How do I Get Prospects to Buy NOW!?

5 January, 2009 (20:16) | Blog | By: admin

By: Shawn Greene

Every salesperson is magically empowered with the ability to make prospects buy—and we mean now! This power is limited to a number of uses equal to the number of times each salesperson has been made to buy something now. In other words: Fat Chance.

 

Well, actually… If you’re selling something that people compare based on cost only, then you can often get people to buy now when you have a special price to offer, or if the price is about to go up. If you’re not selling such a commodity, it’s back to the magical powers thing.

 

But, let’s say you do have the power to make someone buy now, before they are willing and ready. Let’s say you have learned all kinds of manipulative techniques and one day you meet up with a prospect who is more malleable than most of us. Here’s what happens when you make this mouse buy:

 

As soon as you leave, your manipulative powers fade into dust. The prospect regains his senses. He calls his financial institution, and puts a “stop” on the charge or check. He is so mad that he calls your boss to tell her what a jerk you are and you get into big trouble. He tells all his friends and relations not to buy from you or the company you represent. You see why making people buy now is not a good idea, grasshopper?

 

All you can—and should—do is ask questions and respond based on the answers:

 

·         Find out what each prospect wants & needs, and offer your expert advice whether you expect to land the business or not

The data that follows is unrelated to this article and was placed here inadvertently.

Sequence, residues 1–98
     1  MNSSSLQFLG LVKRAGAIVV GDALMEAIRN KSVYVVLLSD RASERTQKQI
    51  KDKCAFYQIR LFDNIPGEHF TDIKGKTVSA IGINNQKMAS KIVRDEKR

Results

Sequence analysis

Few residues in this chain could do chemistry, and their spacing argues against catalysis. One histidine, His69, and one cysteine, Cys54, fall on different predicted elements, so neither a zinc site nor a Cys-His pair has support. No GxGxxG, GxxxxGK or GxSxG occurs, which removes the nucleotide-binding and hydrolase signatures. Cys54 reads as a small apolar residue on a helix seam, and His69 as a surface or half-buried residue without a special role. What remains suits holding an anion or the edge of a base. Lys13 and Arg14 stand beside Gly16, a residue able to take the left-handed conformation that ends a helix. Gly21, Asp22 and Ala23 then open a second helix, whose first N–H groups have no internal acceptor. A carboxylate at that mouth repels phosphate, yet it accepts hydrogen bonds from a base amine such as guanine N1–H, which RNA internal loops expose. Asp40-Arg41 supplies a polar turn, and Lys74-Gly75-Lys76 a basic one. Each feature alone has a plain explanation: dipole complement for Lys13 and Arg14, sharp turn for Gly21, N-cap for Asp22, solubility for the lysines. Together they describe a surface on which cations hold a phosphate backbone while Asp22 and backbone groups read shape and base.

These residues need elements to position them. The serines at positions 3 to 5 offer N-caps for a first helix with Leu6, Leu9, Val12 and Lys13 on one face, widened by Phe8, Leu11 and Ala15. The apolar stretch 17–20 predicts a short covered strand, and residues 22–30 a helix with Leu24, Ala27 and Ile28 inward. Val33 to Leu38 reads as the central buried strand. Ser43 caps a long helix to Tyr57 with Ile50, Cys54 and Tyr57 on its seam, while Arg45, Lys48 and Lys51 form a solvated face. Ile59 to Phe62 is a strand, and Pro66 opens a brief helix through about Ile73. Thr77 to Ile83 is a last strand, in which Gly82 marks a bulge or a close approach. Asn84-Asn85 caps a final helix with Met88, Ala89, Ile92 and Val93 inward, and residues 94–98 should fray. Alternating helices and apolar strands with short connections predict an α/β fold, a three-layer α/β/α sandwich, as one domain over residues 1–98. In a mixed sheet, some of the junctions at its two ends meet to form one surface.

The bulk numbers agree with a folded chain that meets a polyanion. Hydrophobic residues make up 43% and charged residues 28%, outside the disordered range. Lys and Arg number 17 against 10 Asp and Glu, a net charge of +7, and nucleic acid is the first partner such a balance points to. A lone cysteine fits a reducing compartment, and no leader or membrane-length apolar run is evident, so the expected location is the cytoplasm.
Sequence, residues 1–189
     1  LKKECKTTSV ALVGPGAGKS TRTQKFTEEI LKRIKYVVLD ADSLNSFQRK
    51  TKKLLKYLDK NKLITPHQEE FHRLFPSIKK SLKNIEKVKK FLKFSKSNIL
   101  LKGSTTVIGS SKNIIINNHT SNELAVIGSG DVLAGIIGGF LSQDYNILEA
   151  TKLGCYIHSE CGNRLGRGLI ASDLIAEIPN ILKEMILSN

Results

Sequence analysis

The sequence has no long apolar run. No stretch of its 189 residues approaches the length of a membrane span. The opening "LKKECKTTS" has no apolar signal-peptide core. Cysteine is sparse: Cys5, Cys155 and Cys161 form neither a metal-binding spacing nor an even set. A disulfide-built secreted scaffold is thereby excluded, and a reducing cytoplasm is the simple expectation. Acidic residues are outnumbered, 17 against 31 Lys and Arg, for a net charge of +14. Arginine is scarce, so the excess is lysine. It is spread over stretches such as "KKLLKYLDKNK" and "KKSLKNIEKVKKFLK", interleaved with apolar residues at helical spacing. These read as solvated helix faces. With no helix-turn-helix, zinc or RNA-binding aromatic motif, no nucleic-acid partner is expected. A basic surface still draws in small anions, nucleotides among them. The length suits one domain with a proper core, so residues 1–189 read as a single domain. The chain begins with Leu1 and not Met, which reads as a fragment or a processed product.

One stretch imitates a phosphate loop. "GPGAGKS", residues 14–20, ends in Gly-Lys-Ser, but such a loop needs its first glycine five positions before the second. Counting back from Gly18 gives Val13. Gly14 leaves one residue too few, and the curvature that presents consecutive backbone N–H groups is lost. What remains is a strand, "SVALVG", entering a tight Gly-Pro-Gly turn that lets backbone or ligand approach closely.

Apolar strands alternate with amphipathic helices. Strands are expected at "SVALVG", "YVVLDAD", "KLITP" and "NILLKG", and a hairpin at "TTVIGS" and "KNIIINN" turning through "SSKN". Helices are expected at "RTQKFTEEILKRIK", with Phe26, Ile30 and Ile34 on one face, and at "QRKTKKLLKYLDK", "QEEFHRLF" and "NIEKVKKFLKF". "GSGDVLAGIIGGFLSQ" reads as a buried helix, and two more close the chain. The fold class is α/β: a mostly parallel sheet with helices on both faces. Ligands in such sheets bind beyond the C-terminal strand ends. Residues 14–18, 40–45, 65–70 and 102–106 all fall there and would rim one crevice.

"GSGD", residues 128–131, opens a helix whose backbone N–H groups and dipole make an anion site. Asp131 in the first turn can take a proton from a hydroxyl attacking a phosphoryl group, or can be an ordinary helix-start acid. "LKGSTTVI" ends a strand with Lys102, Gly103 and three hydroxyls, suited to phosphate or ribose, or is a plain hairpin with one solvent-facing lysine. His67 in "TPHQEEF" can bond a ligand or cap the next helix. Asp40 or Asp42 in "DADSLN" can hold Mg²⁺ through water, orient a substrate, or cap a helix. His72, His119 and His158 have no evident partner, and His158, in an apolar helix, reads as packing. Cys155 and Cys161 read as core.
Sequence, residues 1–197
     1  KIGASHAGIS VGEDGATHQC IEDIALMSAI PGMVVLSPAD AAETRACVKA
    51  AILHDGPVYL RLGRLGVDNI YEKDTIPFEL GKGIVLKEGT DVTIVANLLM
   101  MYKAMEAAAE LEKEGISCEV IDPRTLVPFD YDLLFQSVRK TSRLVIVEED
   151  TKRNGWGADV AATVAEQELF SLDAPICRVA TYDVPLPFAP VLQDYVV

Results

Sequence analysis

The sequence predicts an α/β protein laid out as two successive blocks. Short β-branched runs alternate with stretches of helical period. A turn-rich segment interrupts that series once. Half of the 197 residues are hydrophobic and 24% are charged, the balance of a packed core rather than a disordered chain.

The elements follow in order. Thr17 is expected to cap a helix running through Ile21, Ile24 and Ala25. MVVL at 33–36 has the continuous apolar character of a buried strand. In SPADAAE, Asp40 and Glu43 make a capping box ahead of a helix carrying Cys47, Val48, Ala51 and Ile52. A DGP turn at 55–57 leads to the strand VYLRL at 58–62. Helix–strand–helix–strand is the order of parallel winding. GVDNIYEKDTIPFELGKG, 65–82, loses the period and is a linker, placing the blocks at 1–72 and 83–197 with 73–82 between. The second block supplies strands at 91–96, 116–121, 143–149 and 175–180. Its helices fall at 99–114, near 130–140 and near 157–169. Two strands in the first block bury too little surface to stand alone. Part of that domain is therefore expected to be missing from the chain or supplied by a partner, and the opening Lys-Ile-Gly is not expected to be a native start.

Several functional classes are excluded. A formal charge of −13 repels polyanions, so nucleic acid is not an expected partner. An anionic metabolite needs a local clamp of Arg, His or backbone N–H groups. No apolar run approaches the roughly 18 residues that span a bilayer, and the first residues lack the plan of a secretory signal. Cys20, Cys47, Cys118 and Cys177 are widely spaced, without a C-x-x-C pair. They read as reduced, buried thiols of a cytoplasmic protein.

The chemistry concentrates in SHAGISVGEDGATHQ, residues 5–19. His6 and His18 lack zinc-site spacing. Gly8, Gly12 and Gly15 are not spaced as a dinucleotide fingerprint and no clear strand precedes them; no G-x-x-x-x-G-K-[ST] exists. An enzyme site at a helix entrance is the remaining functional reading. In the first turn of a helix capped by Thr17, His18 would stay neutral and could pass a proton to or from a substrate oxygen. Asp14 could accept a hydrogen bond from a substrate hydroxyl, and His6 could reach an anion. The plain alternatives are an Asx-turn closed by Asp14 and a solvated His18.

·         Find out if prospects are interested in making a deal today, or if they are in the shopping process

·         If they’re shopping, ask how you can help them gather the information they need to decide

 

A Little Magic

Having duly admonished you to avoid trying to make prospects buy, I have to confess there are indeed ways you can increase their desire to buy. One way is that when prospects mention something your products or services fix, see if you can increase their perception of it as being a problem that needs fixing.

The trick is to encourage them to say the words; not you. As you ask questions about wants and needs, expand the conversation into areas your products and services address. In other words, don’t leave the focus of the conversation entirely up to the prospect. As much as possible, ask questions that encourage prospects to delve into issues out-loud. For example, let’s say your product makes a certain process more efficient:

Ask, “Walk me through the usual process for…” As the prospect mentions something in that process that your product fixes, poke at the issue or item to see if you can make it hurt. “Really? That takes 15 minutes? How does that impact…?”  You may also find questions like, “What would Jill be doing if she wasn’t…?” poke at potential issues enough to make them hurt.

Notice that the above questions are designed to encourage the prospect to talk through things. This is far more effective than you saying “Have you thought about…”

Now that you’ve got some magical powers, it’s time to put your feet back on the ground. Sometimes you’ll uncover issues a prospect didn’t even know she wanted to fix, and sometimes you won’t. Take each selling situation as it comes, and remember to use your powers only for good.

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